Can the Q of a loop antenna be changed?
If so what are some common techniques? (Formulae appreciated).
An RF tag system is designed to function in the near field of the antennas. The frequencies involved are in the 13 MHz range and the antennas used in these applications are defined as electrically short antennas (<0.1 $\lambda$).
The near field region of the reader antenna has reactive, evanescent currents that easily couple to nearby conducting materials. It is this phenomenon that the passive tag uses to easily harvest energy via its antenna in order to send its response. Any reduction of near field currents or near field distance will result in a shortened read range due to insufficient coupling in order to power the tag.
The OP specifically asked about altering the Q of the antenna system. This can be done by altering the physical aperture of the antenna or by the matching network.
It is important to understand that the Q of the antenna system determines its bandwidth. If the Q become too high, the narrower bandwidth may not allow proper reading of the tag. As the Q is lower through its matching network, the read range will be reduced.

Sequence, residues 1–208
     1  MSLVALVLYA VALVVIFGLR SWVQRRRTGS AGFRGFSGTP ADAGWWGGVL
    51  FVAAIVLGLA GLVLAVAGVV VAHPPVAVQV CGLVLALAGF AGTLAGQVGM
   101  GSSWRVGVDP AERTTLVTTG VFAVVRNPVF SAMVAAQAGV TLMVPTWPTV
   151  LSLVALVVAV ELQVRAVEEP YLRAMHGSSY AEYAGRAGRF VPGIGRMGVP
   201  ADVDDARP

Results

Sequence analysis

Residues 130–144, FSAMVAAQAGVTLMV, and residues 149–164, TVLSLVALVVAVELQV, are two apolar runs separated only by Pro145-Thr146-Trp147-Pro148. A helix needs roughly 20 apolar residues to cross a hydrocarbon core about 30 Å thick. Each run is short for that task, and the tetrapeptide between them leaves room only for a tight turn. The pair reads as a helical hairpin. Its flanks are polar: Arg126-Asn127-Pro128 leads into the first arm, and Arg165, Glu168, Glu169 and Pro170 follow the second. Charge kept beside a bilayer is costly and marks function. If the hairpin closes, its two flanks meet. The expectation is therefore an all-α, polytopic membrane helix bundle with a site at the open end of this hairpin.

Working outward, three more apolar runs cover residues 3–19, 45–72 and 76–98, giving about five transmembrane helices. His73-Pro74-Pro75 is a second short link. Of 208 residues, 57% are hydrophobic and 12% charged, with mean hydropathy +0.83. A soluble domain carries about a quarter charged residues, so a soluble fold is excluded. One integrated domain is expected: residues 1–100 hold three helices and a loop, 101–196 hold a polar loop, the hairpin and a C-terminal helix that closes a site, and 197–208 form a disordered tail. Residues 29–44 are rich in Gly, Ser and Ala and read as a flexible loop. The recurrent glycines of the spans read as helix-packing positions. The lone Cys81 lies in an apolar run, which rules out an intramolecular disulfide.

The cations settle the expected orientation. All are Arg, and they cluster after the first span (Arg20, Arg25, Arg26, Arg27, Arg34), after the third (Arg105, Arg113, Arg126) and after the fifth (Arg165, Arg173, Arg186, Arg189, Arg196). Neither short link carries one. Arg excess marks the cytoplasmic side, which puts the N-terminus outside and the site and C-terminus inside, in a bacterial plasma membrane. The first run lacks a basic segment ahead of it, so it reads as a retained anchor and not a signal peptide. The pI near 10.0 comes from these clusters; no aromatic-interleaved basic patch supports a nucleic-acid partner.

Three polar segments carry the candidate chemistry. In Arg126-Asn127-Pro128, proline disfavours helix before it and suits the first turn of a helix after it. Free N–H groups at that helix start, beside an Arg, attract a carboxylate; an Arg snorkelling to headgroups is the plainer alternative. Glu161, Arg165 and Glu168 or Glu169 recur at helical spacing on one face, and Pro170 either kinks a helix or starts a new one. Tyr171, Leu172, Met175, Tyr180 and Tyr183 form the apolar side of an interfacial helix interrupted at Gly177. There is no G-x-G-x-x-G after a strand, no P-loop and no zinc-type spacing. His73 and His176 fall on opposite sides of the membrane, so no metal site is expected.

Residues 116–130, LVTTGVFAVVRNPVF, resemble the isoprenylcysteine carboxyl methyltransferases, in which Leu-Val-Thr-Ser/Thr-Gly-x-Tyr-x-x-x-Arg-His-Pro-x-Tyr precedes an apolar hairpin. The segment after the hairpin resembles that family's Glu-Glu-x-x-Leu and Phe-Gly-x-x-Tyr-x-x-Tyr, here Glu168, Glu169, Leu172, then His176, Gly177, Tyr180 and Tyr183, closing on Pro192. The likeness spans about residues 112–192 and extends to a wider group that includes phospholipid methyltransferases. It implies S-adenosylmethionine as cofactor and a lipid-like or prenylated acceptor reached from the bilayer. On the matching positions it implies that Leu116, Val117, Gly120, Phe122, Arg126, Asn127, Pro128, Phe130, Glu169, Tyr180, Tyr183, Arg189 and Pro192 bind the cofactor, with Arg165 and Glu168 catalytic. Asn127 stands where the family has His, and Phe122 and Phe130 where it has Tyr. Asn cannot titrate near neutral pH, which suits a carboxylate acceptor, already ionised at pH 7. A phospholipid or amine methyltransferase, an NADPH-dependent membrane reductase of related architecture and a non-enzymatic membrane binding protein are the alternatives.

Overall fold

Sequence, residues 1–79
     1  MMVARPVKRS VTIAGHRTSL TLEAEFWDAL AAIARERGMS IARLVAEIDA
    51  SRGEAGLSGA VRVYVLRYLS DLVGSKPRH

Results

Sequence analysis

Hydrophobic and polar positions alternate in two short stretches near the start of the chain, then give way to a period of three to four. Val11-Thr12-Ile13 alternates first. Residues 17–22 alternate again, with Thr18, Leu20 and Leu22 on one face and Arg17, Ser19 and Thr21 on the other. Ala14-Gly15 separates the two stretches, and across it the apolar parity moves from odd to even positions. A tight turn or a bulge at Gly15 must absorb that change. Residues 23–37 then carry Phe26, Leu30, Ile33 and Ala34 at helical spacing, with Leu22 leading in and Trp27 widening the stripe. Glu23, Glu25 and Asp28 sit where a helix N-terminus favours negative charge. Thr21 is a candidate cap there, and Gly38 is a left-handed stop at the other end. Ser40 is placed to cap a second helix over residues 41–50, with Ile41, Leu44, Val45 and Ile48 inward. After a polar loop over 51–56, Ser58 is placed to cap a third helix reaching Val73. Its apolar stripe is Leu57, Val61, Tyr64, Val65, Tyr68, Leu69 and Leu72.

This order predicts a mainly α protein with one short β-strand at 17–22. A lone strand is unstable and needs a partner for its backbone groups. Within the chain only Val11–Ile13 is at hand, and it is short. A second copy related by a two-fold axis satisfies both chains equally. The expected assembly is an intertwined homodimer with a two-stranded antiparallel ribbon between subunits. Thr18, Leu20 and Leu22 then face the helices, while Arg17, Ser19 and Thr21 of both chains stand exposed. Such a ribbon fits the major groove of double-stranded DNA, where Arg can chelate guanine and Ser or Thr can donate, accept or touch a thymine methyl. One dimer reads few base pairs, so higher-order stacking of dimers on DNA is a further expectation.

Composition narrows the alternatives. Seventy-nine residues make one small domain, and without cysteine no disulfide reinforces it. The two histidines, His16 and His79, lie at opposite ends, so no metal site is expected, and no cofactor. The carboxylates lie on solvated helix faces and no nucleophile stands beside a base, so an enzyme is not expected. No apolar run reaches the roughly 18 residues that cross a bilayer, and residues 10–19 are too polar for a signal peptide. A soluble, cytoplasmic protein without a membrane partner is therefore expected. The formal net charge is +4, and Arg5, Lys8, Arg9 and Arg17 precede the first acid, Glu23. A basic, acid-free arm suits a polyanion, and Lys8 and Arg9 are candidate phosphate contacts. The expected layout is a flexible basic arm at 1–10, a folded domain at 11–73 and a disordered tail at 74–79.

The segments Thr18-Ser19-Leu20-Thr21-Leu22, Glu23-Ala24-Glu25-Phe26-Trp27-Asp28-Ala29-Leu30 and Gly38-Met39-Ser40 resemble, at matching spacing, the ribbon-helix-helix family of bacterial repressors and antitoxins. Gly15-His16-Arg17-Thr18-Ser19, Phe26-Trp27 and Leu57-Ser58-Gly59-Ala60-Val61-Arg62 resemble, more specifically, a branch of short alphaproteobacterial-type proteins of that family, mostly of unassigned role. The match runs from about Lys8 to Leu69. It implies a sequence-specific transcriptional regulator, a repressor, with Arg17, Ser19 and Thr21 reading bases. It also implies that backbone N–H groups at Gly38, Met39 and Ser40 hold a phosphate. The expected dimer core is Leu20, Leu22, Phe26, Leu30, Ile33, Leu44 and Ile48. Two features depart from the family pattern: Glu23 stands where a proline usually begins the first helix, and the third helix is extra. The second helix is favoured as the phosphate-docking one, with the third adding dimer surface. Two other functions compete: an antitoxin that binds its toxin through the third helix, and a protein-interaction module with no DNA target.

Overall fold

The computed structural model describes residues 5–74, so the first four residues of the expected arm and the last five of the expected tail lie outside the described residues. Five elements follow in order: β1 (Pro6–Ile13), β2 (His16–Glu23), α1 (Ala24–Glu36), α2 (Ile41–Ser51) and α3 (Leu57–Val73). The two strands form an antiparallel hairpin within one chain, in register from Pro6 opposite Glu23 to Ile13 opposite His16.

You can alter the Q in an existing configuration by changing the value of the resistor in the matching network of the reader. This will also require adjustment of the other matching elements. As the resistance increases, the Q of the antenna system increases and vice versa. Removing the resistor entirely will maximize the Q for a given antenna. Since the resistor effectively dissipates power in order to lower the Q, the higher the value of the resistor, the greater the currents in the near field of the antenna and vice versa.
The mathematical approach to analyzing the matching network is an exercise in simple parallel/series reduction to determine the effect of the dissipative effect of the resistor. A blanket formula is not possible due to the various topologies of matching networks.